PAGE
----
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Saturday, March 5, 2016

Clean Air in Grey Bruce

Owen Sound | by Claire McCormack  

Study shows Tiverton site gives accurate reading of air across Grey Bruce.

Recent testing shows Grey Bruce area has clean air.

Results of a joint study on Air Quality in Grey and Bruce conducted by Public Health and the Ministry of Environment and Climate Change was presented to the Board of Health in Owen Sound last Friday.

The study was completed in the summer of 2015.

It came about after a 2014 "State of the Environment' and as a result of the realization that the one local permanent monitoring site in Tiverton may not have been giving an accurate representation of the air quality in the whole area.

Last summer, portable monitors were used to measure air quality in Tiverton, Lions Head, Hanover and Owen Sound.

Public Health Program Manager Bob Hart says air quality wasn't any different from location to location and explains it shows there isn't any specific polluter causing changes in quality in the area.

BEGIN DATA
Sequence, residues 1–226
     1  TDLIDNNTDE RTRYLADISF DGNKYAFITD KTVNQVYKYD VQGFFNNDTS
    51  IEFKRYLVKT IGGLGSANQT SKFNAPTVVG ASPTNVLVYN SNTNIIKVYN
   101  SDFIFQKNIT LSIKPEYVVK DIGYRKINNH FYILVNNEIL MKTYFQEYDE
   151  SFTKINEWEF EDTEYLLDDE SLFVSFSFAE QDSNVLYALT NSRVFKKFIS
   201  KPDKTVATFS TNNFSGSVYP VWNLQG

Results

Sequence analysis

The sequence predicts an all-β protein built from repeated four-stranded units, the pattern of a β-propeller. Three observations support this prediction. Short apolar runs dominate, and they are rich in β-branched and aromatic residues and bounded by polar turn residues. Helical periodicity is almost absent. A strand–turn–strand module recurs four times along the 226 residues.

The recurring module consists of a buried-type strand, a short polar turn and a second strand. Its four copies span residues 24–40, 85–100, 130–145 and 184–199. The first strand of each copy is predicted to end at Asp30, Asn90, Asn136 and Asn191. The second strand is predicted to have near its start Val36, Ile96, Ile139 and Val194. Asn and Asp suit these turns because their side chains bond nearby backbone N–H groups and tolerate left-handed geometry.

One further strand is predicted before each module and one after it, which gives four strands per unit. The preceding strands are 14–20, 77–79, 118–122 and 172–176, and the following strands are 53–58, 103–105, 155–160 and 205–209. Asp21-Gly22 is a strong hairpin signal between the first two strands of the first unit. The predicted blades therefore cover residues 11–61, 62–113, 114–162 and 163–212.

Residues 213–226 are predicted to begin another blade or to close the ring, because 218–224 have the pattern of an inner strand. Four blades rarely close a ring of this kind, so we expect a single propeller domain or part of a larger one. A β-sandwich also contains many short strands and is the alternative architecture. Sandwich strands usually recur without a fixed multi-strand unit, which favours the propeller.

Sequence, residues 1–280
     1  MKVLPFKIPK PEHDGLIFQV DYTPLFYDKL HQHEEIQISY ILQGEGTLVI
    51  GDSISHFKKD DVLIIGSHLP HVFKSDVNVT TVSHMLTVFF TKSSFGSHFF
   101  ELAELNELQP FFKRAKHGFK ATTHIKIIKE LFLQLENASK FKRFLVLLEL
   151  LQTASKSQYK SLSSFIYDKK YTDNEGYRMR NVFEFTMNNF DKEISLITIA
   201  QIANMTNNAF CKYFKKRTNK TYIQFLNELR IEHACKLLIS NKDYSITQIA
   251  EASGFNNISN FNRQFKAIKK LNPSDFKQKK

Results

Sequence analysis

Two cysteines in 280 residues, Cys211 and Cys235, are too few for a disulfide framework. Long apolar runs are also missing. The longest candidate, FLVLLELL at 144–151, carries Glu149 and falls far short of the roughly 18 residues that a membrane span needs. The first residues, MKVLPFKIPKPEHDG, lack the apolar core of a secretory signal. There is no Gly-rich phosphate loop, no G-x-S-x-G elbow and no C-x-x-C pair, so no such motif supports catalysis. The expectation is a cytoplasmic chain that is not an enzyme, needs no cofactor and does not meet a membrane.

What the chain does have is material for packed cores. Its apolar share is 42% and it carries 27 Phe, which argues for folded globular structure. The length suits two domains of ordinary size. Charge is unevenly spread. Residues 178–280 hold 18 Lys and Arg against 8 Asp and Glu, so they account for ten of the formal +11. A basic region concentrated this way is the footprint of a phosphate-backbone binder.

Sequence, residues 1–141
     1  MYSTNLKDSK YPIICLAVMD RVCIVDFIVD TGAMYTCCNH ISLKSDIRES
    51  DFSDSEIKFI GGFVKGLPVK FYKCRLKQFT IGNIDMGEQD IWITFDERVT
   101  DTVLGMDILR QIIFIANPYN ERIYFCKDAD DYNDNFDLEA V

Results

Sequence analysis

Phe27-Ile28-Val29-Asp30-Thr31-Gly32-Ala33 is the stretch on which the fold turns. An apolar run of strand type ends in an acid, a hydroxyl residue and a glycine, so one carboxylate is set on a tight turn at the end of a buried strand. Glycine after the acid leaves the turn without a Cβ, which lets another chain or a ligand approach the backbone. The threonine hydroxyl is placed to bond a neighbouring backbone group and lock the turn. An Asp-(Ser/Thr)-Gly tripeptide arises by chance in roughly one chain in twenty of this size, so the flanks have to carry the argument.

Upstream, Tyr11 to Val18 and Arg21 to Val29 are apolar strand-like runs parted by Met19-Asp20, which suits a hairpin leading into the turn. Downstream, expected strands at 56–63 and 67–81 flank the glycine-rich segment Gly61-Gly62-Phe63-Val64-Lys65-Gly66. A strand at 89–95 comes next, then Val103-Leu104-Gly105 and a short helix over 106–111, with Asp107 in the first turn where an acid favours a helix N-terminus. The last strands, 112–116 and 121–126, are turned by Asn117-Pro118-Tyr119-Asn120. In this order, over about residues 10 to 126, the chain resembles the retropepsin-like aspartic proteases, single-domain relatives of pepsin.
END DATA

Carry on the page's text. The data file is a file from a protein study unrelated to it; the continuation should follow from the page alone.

Hart says test results showed air quality is 95 per cent 'low risk' on the Air Quality Health Index.

Hart says that translates into 'excellent' or 'very good."  

He notes air quality only went into a 'moderate risk' level twice due to small events impacted by things outside the area, which could be weather patterns or wind carrying pollutants from another source.

Hart says those instances registered Ozone, which would be the marker to watch, but adds ozone readings didn't even reach a marker level.

According to Hart Ozone can be from innumerable combined sources like forest fires, fossil fuel, or vehicle emissions.

Hart says the low risk rating is good news because there's "a lot of solid scientific evidence out there" that shows a relationship between being exposed to air with lots of pollutants and causing the general healthy population to experience shortness of breath and eye and nose irritations.

Hart says more significantly, high risk air adversely affects people who have underlying illnesses like cardio-pulmonary illness, heart and circulatory problems and things like asthma.

Rick Chappell, with the Ministry of Environment and Climate Change says the closing down of many coal powered plants as well as industrial companies using better technology has contributed to an improvement in air quality.


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